4 min read
How many office locations do you have? One, two, 10 or 100? It’s hard, isn’t it? Keeping everyone on the same page. As the Internal Communications Manager at Reward Gateway, I struggle myself and have to constantly re-evaluate our approach to employee communications. I was tasked with building a communication bridge to connect our global workforce: 375 employees in five countries. I enthusiastically dove head first.
Here at RG, we live and breathe our mission, purpose and values daily. Our “Think Global” value teaches us that we are part of something bigger. Essentially, we are strong because we are united.
Success comes from working together across departmental, geographical and cultural boundaries to achieve something greater than what individuals can do separately.
Building an inclusive internal communications platform that unites our employees so they can build stronger connections is a key way we connect our global team members. Embedding these deep connections among individuals leads to them making better decisions, collaborating together towards one mission and all the other benefits of creating an engaged organization.
Two years ago, Forrester Research said that over 63 million Americans will work virtually, compared to 2010 when there were 34 million flexible and virtual workers. Fast-forward to now and technology has come even further. Meaning, year-over-year this trend will only continue to rapidly grow along with technology’s speed.
Flexibility in today’s work landscape is key. When organizations enable their workforce to work remotely, work from home, take a longer maternity leave, or take a sabbatical, they express a sense of trust in their employees. Organizations can also simply outline the importance of a work-life integration, empowering their workforce to be happier, more engaged and more transparent.
But workplace flexibility goes beyond just your working conditions – it’s about adapting your employee communications to meet a variety of audiences. It’s no shock that people absorb and react to information in different ways. When you look around, do you notice how many people are on their cell phones? Mobile is where it’s at. Last year, the New York Times reported that Americans on average check their phone 80 times a day, every 12 minutes.
Communications should mirror how people interact with content on other news and social platforms.
The average person is bombarded with messages each day, so how do we cut through the noise? If your internal communication isn’t easily accessible on mobile devices, you’re behind. Tools that emphasize mobile usage and support on-the-go workers are ideal for sharing employee communications and keeping them in one convenient spot.
In my role, I frequently share lots of messages with the entire organization. It would be easy if everyone was sat down at a desk all day, but we have a varied workforce today. Even though people may not be on a computer, they’re still connected and receiving information from their organizations. So how do we reach offline employees with internal communications?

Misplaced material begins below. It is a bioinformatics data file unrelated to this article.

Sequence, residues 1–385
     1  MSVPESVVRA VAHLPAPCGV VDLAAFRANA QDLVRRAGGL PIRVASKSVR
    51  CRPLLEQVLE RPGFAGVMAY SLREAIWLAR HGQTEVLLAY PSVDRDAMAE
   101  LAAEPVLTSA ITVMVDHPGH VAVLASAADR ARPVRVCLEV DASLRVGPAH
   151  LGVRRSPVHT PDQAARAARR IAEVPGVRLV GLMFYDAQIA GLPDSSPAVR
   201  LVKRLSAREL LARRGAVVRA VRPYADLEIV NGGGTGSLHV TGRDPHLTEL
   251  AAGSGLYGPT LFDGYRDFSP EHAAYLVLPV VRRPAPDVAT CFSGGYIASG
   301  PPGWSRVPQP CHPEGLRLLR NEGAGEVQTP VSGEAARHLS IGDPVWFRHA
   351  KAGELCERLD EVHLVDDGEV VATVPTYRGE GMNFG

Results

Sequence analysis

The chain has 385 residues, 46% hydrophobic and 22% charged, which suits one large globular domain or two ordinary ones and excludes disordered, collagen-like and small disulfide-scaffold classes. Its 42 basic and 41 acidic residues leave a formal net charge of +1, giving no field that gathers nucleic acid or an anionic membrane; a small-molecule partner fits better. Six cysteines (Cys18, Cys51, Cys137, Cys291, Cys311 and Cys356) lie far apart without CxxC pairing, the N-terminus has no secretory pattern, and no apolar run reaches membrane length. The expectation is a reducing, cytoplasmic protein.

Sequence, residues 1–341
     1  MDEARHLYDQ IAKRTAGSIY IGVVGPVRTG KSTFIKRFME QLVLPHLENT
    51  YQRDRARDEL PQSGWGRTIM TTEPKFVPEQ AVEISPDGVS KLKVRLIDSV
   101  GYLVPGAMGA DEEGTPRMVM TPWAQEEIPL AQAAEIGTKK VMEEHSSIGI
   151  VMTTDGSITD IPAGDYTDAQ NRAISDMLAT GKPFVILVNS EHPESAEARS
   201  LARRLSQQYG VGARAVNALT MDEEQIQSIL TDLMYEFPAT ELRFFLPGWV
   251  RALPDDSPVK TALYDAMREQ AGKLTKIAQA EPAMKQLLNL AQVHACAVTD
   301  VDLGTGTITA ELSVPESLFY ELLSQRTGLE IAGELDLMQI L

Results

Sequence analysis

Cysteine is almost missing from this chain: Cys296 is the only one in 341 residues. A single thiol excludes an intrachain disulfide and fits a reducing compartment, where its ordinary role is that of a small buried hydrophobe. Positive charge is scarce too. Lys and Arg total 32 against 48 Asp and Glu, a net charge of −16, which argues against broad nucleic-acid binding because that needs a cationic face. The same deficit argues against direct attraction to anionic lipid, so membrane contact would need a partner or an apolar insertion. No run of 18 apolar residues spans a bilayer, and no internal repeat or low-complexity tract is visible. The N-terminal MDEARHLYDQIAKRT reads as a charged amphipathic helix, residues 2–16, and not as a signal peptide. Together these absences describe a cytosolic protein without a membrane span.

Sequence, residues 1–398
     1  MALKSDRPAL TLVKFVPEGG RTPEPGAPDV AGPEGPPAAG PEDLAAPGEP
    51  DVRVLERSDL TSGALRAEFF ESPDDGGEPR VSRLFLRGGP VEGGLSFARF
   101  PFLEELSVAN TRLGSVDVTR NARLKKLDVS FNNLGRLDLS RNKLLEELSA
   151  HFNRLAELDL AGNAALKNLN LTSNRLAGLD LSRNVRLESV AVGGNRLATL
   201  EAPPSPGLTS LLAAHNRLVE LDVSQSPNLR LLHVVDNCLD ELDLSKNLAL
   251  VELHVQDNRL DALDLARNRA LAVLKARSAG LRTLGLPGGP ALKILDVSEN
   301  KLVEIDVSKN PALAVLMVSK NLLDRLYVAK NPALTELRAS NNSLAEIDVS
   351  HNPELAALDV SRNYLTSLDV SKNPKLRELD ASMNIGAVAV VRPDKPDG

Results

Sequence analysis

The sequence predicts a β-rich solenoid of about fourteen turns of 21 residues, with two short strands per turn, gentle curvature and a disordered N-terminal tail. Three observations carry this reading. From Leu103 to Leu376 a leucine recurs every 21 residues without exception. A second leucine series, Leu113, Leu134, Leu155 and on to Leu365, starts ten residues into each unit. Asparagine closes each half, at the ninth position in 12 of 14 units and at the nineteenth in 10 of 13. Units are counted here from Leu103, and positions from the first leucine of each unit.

When your workforce is based around the globe, or even dispersed locally, communication should be consistent, easy to digest and accessible. Diversify your message so that it’s well-received across your company. Here at RG, we have TVs set up around the office that give people bite-sized company updates as another way to digest information.
Let’s take for example our CEO, Doug Butler. Doug travels all the time to different RG offices or events around the globe. Typically on Sundays, Doug writes his company update from where ever he is – at his home in California or on an airplane going to Sydney. Being able to write from any location on any day of the week allows him to continuously prepare his themed employee communications initiative for the week, like “Mission Mondays.”
His blog is then shared with the whole company at the beginning of the week and employees can read Doug’s update on any device, whether they’re on their commute into work or reading it at home after dinner. It’s about being flexible with the way your employees digest information.
Our office is global, but maybe your employees are simply in different offices or towns nearby. Our Product Manager, Cat Wright is based in New Zealand, so we consider how the different time zones affect how our workforce communicates and absorbs information. We wouldn’t want to post an important announcement on a Friday when it’s technically already Saturday in New Zealand. It’s a known fact that most people don’t check their messages as much on the weekend. We want to be in alignment with that.
Last but not least, our Head of Client Communications, Megan Gough has been out on maternity leave recently. Although she’s tending to her responsibilities outside of work, she gets the same information as everyone else at the company, so she feels in the loop and connected even though she may not be face-to-face. Megan’s not only able to access these universal updates, but also can communicate with all colleagues remotely and effortlessly.
Keeping your team connected on-the-go, remotely or even with diversified messages in the office is key to improving employee communications. Adopt internal communications tools that enable you to reach new heights when connecting with your employees. Ask yourself, what does “Mission Monday” look like at my organization? How can I connect my entire workforce to my mission, purpose and values to increase employee engagement?